Scotland

Patients told about bogus psychiatrist Zholia Alemi

Zholia Alemi Image copyright Cumbria Police
Image caption Zholia Alemi was found guilty of four theft and fraud charges in connection with a patient's £1.3m estate

Health boards in Scotland are to write to patients who were treated by the bogus psychiatrist Zholia Alemi.

The medical school dropout from New Zealand is thought to have seen hundreds of patients in Scotland.

Alemi worked for the NHS in various parts of the UK for 22 years despite having no qualifications.

Her background came to light when she was jailed for five years last October at Carlisle Crown Court.

She had been found guilty of four fraud and theft charges.

The court heard she faked a patient's will in an attempt to inherit her £1.3m estate.

The Scottish government has said the relevant clinical records in each of the health boards are being reviewed by consultant psychiatrists.

They will identify decisions made by Alemi "to offer appropriate advice and support".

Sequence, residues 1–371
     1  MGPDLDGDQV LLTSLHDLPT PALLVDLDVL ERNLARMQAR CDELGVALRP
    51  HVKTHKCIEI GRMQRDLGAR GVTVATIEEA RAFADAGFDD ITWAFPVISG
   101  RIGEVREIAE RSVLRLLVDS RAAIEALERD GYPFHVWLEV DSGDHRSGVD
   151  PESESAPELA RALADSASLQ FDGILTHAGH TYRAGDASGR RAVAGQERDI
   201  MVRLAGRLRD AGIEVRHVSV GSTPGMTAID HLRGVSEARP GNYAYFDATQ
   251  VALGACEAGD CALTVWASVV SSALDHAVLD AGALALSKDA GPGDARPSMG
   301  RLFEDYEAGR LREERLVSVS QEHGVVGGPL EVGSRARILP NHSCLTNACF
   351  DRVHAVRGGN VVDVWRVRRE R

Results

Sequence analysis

'Extremely upsetting'

Letters will be sent to the affected patients over the coming months. BBC Scotland understands the first of the letters are about to be sent.

Health Secretary Jeane Freeman said: "I know that this will be extremely upsetting for people and their families.

"The General Medical Council now has processes in place to ensure that this won't happen again.

"I also wish to reassure people that the remainder of their care and treatment was delivered by fully qualified doctors."

Ms Freeman added: "If anyone affected has any further questions, they can get in touch with their local board."

Detained patients

When Alemi's actions were uncovered, one health board - NHS Ayrshire and Arran - confirmed that she treated 395 adults while working as a locum for 18 months from 2007.

During this time 24 of these patients were detained by Alemi under the Mental Health Act.

NHS Ayrshire and Arran medical director Dr Alison Graham said the health board would be contacting all those affected.

She added: "We would like to apologise for any distress this situation may have caused. If patients were treated by this individual and have concerns, we would advise them to contact our mental health services team."

The General Medical Council (GMC) has said checks were now more "rigorous" than those carried out at the time Alemi moved to the UK.

The GMC has created a web page with advice for anyone who is concerned that they were treated by Alemi.

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